The statue represents the early days of their friendship, when they were not yet old, nor famous, when they could find time to talk over the causes that drew them together: abolition and women’s suffrage. Douglass and Anthony met in 1845 while he was on a speaking tour. In 1847, attracted by Anthony’s active women’s movement, Douglass and his wife, Anna, moved their family to Rochester, where the famous former slave became a prominent publisher and abolitionist spokesman. Their home became one of the stops on the Underground Railroad. In 1848 Frederick Douglass attended the first Women’s Rights Convention in Seneca Falls and wrote about it in his paper, The North Star:
“All that distinguishes man as an intelligent and account able being, is equally true of woman; and if that government is only just which governs by the free consent of the governed, there can be no reason in the world for denying to woman the exercise of the elective franchise, or a hand in making and administering the laws of the land.”
Anthony, later recalling that he was the only man who came to their convention and stood up with them, said, “From that day until the day of his death Frederick Douglass was an honorary member of the National Women’s Suffrage Association. In all our conventions, he was the honored guest who sat on our platform and spoke in our gatherings.” In fact, Douglass died on February 20, 1895, only hours after sitting next to Anthony on the platform at a meeting held in Washington, D.C., where he had been greeted with resounding applause and responded with a gentle bow.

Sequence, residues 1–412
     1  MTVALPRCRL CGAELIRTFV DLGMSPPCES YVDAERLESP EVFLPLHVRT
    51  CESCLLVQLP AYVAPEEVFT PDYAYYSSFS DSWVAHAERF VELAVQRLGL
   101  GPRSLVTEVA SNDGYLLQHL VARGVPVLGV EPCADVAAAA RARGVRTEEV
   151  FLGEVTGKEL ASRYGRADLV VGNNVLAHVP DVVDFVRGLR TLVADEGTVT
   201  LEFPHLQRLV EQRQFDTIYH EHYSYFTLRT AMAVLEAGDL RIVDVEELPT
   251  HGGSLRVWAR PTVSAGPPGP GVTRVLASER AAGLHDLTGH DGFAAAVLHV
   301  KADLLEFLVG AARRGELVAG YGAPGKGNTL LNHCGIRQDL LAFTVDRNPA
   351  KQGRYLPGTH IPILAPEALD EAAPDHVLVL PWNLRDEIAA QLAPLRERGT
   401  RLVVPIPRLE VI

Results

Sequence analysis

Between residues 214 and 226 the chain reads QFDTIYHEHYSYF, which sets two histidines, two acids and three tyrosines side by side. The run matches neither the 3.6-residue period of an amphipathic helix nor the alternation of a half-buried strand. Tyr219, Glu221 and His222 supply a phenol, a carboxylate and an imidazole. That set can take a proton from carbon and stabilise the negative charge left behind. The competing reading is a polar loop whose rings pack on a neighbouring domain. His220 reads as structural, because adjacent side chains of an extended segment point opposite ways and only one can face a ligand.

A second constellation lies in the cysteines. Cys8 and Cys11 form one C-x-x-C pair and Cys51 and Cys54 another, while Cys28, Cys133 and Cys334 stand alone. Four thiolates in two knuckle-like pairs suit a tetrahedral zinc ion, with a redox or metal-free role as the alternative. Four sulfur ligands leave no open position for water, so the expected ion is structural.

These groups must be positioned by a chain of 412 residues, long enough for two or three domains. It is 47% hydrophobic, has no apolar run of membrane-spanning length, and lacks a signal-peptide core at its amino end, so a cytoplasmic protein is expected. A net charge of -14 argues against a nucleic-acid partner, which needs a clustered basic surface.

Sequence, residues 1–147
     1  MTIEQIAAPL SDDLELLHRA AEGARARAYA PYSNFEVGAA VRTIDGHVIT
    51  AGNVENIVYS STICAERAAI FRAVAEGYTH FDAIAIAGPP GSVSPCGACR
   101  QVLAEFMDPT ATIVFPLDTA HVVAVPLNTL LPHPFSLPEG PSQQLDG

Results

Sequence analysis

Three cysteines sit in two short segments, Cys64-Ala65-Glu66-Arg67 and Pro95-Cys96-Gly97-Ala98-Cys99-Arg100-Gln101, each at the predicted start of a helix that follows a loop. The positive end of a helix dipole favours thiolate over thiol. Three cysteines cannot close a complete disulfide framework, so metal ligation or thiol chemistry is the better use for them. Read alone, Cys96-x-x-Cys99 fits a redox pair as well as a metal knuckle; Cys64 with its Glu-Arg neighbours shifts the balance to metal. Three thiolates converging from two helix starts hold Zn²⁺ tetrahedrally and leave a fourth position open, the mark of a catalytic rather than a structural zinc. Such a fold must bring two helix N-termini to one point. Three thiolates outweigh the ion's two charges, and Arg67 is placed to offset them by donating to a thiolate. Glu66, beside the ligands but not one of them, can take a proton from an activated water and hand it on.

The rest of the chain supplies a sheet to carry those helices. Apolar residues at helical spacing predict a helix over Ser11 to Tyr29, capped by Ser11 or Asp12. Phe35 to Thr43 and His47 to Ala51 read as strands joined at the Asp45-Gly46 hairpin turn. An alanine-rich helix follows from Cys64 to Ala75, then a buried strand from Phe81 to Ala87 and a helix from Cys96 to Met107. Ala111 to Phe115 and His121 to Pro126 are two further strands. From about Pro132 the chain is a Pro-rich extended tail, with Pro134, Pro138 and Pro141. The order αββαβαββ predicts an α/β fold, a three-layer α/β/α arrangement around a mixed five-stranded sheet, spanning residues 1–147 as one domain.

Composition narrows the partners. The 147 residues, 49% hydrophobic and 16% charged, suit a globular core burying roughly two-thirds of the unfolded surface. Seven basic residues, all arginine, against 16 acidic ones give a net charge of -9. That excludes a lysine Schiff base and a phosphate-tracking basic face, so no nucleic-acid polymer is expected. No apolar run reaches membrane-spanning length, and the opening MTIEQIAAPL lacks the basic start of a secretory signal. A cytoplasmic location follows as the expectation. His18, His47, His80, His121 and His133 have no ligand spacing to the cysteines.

But their lifelong friendship was not always an easy one. It encountered a serious challenge after the Civil War when they disagreed over suffrage. Under the Civil Rights Bill of 1866, Negroes and women had the same civil and protected status, but lacked the ballot. Anthony proposed universal suffrage and vowed to fight the idea of the Negro male being given suffrage before women received the same: “Men, their rights, and nothing more; Women, their rights, and nothing less.” The Fifteen Amendment guaranteed all citizens the right to vote, regardless of race, but did not include voting rights for women. Douglass tried to persuade his friend to support its ratification: “When women because they are women are dragged from their homes and hung upon lampposts, . . . then they will have the urgency to obtain the ballot.” Asked if that was not also true about Black women, he responded, “Yes, but not because she is a woman but because she is black.” The amendment was ratified in 1870. Anthony, although arrested for voting in 1872, died before she could do so legally.
The sculptor, whose studio is on the park square, likes to see children climb into the laps of the two friends. In 1980, at the age of eight, he escaped with his family from Communist-led Laos in a canoe. After two years in a Thai refugee camp, they found sanctuary in Rochester. “Our idea was to utilize history to get people involved,” says Kettavong. “It’s a social statement. A black man and a white woman are drinking tea together. A Laotian makes their sculpture. It could be a metaphor for American democracy.”
To learn more about Frederick Douglass and Susan B. Anthony, and their enduring friendship, join me for Sunday Platform on February 1 and March 1.